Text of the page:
In 1766, Smith returned to Britain, visiting London for six months, then on to Scotland. There he continued his work on the Wealth of Nations, wrote other minor works, and oversaw new editions of his Theory. During those years, Smith held no formal positions, although attempts were made to get him a new tutorship or a position with the East India Company.

The publication, in 1776, of Wealth of Nations, universally admired for its theories and the quality of its writing, brought Smith to the academic forefront. It is debatable whether Smith changed his concept of human nature from his Theory to the Wealth of Nations. In the latter he clearly states that self-interest is rightly the basic motivation of human action—especially economic action—while the former is more unclear as to whether self-interest alone is a basis for moral action. The discussion is of particular interest to those who argue that the ideas in the Wealth of Nations came from the French philosophes. Whether Smith is considered original or not, it must be conceded that his work gave the clearest organized presentation of those ideas and brought them from the specialized discussion forums to the general reader.

Smith focused on topics such as the division of labor, self-interest as the main principle of economics, national wealth as represented by production capacity rather than by stocks of gold (introducing in a rough form the concept of gross national product), free markets, a theory of real price, a theory of rent, and not least, the principles of the market forces. In short, he described the theoretical basis of the economic system known today as capitalism. Notably, his theory of the division of labor did not consider the new industrial revolution, but was entirely based on human labor. His most famous example is that of the pin makers. He explains how one man completing all the processes of making a pin by himself can produce a maximum of ten pins a day, while ten men cooperating and specializing in each part of the process can produce 48,000 pins a day. The advantage of specialization is made clear, but it is characteristic of Smith that he was aware of disadvantages as well, and pointed out that the workers in time became bored and lost the feeling of connection to their work, a problem that Karl Marx dealt with nearly a century later. While his theories on specialization, self-interest, national wealth, and market forces have generally been accepted, those on real price as determined by the labor it takes to produce or procure an item and rent based on use and reasonable profit are commonly considered confused, a fact that he admitted himself. In total, however, the Wealth of Nations must be considered the first detailed work of modern economic theory, and its comprehensiveness has ensured its continued importance in the field of economics.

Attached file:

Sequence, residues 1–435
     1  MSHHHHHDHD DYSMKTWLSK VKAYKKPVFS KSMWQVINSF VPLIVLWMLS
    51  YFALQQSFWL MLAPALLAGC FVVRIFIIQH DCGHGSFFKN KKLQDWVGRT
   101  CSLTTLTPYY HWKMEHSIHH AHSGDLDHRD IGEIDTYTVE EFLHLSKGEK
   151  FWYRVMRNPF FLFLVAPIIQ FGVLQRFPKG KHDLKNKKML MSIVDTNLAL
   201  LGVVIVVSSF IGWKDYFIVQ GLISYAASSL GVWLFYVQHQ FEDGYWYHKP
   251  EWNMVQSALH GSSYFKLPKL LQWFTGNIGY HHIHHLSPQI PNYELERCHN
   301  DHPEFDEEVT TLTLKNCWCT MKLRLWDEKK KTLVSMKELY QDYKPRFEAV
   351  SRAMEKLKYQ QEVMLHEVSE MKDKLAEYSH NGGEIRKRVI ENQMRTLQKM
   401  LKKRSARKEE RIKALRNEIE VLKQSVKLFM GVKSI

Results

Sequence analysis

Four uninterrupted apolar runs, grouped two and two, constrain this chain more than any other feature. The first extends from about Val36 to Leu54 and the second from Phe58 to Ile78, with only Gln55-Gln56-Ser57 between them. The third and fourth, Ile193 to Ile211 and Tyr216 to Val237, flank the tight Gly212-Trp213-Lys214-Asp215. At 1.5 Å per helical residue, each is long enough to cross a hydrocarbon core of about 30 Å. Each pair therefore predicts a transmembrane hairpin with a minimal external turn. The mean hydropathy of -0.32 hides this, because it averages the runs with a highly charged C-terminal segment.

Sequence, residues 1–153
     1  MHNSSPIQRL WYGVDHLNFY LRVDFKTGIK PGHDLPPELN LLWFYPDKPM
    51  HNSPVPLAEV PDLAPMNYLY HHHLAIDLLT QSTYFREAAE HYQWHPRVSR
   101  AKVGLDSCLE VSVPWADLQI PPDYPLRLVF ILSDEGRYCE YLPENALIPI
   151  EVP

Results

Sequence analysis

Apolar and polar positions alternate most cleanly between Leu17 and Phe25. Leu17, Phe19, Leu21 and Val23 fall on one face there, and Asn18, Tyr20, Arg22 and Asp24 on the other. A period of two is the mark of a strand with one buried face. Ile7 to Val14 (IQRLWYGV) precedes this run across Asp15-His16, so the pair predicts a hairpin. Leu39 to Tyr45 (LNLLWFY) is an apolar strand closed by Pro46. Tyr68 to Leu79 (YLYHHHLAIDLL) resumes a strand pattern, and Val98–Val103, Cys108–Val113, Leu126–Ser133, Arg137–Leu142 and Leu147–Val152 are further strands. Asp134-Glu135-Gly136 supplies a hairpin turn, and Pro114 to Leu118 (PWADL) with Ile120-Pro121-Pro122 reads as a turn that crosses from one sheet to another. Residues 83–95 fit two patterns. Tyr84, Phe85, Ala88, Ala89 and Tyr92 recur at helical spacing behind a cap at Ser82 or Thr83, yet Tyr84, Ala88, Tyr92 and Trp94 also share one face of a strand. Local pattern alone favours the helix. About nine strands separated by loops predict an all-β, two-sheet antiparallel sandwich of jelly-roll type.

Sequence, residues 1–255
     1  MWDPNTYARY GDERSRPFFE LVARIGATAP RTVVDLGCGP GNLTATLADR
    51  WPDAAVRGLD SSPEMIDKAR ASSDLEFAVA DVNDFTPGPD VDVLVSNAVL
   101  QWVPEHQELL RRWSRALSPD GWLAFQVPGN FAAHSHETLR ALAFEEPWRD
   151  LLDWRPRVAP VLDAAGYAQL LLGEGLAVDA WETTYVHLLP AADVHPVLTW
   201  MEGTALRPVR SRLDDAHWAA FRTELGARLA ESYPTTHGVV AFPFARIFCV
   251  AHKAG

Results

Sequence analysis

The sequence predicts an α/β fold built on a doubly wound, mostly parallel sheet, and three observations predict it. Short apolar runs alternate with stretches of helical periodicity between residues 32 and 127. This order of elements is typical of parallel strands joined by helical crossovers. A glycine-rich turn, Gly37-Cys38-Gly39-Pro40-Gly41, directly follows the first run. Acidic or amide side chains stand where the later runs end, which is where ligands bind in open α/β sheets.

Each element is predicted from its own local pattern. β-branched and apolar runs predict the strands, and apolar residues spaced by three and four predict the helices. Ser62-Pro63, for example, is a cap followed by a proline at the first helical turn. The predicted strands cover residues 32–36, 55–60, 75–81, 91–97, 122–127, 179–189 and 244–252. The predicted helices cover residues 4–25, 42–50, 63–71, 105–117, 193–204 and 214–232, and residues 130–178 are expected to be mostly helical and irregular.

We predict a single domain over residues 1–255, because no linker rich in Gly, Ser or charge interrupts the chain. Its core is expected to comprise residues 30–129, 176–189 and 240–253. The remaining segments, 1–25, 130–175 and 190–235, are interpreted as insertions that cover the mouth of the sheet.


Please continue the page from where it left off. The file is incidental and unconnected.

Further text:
In 1778 Smith was made commissioner of customs for Scotland, which allowed him a comfortable salary for life, added to a pension from his old student, the Duke of Buccleuch, giving Smith economic liberty. His remaining years were mainly spent making revisions to his earlier works, especially the Wealth of Nations, and participating in discussions with his contemporaries. In 1784, his mother, with whom he lived most of his life, died, leaving him desolate and in rapidly declining health. In 1790 he published his last work, a new edition of his Theory, which was shortly followed by his death and the burning of virtually all his unpublished papers in accordance with his own wish.


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  15. Werhane, P. H. (1991). Adam Smith and his legacy for modern capitalism. New York: Oxford University Press.